New USFK Marriage Regulation Protects Servicemembers

By Pfc. Antuan RofeMarch 20, 2007

KOREA (Army News Service, March 20, 2007) - Servicemembers stationed in the Republic of Korea who want to marry a non-U.S. citizen will now have to take a few extra steps to make it down the aisle.

A new U.S. Forces Korea regulation ensures servicemembers are protected against fraudulent marriage.

"The purpose of the regulation is to ensure there are valid marriages by U.S. servicemembers to non-U.S. citizens, that these spouses are eligible for immigration, and that servicemembers who wish to marry non-U.S. citizens are fully informed of the procedures for a valid marriage," said Lt. Col. Walter Hudson, the 2nd Infantry Division Staff Judge Advocate.

The new policy is designed to ensure servicemembers have the necessary information to make an informed decision before entering into an international marriage. It also ensures servicemembers and intended spouses comply with both U.S. and ROK laws.

All applicants for marriage must inform their chain of command for counseling. Under the new policy, a servicemember's battalion-level commander must counsel the servicemember and intended spouse in two counseling sessions - one to verify the servicemember's financial stability and a second to inform the servicemember of the possibility of a tour extension. The servicemember must also sign an affidavit of acknowledgement regarding visa fraud penalties.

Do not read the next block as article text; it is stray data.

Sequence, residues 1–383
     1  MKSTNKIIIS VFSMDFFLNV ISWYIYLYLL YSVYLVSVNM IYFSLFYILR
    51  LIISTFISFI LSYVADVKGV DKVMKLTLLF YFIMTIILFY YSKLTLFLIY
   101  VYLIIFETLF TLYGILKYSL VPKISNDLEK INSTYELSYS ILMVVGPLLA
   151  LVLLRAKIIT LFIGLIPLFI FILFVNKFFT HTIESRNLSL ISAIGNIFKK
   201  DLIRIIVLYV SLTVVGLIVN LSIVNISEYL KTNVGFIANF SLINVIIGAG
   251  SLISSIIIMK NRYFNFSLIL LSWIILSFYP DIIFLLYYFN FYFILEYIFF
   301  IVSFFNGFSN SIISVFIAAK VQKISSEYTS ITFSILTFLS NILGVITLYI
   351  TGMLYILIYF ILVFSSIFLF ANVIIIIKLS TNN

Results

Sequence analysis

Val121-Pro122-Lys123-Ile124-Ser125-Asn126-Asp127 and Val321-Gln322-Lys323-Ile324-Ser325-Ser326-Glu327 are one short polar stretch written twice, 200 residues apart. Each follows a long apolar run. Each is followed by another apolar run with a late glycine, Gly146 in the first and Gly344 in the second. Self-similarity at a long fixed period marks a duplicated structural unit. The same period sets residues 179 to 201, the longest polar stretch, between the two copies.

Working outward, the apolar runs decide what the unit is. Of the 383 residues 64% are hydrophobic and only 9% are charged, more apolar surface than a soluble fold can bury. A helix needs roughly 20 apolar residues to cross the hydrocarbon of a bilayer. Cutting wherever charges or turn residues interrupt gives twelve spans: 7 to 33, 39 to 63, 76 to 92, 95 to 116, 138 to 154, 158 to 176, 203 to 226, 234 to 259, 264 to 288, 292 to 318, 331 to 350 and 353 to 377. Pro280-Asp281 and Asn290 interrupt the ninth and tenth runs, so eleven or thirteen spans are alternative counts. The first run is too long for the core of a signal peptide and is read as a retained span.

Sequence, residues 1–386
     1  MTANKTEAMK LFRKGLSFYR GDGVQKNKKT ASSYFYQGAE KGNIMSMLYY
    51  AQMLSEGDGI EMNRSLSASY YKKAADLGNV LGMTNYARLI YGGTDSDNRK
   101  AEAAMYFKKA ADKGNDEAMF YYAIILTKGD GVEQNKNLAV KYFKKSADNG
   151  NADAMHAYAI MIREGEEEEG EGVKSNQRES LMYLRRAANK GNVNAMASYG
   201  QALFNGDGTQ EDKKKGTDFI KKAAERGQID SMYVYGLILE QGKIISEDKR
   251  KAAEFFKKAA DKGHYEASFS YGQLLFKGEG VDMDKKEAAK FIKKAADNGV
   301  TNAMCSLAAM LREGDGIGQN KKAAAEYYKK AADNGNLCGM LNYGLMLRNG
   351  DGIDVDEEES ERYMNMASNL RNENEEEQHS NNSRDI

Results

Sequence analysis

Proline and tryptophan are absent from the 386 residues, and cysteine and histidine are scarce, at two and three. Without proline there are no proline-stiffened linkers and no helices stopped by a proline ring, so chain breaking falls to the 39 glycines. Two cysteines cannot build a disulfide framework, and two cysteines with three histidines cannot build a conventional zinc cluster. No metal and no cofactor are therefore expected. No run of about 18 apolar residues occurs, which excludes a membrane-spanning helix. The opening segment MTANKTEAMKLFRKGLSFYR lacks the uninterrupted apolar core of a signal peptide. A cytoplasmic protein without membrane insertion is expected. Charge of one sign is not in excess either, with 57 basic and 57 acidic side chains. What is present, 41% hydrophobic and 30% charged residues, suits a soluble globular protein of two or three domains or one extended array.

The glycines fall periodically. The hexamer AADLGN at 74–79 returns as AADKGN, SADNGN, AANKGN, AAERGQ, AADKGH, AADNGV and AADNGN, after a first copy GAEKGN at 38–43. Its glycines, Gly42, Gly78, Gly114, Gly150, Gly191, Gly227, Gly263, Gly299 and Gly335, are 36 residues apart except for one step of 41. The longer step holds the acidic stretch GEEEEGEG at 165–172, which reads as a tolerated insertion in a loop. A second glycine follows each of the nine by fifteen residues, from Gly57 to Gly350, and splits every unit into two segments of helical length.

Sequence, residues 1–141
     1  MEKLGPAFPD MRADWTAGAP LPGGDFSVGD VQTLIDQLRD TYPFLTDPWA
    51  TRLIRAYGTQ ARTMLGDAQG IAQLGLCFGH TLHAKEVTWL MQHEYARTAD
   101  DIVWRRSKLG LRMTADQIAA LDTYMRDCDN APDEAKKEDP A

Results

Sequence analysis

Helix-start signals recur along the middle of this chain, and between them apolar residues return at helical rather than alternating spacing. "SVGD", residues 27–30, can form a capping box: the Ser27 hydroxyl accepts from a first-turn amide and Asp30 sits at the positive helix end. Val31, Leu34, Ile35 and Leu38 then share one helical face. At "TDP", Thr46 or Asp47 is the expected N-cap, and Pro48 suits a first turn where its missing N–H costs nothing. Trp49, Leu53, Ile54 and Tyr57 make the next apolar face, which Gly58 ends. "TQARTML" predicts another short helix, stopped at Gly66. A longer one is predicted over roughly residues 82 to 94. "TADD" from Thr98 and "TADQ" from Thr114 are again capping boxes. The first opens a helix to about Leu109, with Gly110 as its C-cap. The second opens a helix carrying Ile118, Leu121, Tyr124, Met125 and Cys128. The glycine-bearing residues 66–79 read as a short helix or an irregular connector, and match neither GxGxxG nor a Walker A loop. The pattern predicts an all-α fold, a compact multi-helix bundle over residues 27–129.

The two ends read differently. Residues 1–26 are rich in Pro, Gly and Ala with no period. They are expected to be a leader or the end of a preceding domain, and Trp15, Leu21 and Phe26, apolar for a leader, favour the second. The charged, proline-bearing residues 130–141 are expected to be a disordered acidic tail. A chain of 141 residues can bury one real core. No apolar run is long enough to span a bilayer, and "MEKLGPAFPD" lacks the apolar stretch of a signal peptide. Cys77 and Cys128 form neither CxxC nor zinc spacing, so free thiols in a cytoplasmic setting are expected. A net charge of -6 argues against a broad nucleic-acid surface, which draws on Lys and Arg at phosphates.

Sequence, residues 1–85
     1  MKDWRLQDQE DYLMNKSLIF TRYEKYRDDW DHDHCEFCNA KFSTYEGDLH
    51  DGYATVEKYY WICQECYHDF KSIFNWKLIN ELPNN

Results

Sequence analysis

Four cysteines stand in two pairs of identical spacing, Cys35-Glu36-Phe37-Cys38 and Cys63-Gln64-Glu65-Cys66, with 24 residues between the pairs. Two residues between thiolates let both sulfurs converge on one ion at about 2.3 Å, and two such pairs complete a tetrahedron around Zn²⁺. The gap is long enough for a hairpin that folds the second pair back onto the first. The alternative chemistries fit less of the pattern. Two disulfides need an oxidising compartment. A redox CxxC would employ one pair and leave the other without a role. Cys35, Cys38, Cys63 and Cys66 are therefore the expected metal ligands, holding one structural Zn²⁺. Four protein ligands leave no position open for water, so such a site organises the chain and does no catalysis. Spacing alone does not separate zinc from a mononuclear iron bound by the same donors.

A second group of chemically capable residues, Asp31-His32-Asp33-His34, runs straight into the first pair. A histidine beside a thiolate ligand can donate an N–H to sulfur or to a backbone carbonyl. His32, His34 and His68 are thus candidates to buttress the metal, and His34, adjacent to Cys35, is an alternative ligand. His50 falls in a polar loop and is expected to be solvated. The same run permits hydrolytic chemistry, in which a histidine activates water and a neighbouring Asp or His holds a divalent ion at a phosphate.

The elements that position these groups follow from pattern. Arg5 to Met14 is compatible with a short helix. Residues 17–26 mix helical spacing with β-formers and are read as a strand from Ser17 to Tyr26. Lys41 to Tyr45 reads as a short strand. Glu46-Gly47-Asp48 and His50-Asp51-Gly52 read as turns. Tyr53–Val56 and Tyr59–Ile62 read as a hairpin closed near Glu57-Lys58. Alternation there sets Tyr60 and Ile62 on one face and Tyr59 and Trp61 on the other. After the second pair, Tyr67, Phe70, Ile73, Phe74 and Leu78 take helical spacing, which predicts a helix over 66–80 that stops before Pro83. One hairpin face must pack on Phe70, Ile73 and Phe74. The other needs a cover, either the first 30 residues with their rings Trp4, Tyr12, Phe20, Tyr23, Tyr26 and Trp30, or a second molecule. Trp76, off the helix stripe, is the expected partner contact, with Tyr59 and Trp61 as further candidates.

After counseling, the servicemember must meet with the unit security officer, have a premarital counseling session with a chaplain, and have a legal briefing and medical examination done (for both the servicemember and intended spouse).

For those with access to sensitive compartmented information, a background check must be conducted to insure the spouse has no prior felonies or a current spouse.

Servicemembers who violate this policy may be punished under the Uniform Code of Military Justice, Hudson said.

The intent of the regulation is to make the verification process as straightforward as possible, Hudson said, adding that the new policy helps prevent the intended spouse from being ineligible for immigration to the U.S.

"Soldiers will be confident that they have met all the requirements for a valid marriage, and those immigration requirements to bring their spouses back to the U.S. are met," Hudson said.

For resources relating to marrying in Korea, visit the U.S. Embassy in Seoul online at <a href=""target=_blank></a>.

The USFK International Marriage Regulation, 600-240, is available at <a href=""target=_blank></a>.

(Pfc. Antuan Rofe writes for the 2nd Infantry Division Public Affairs Office.)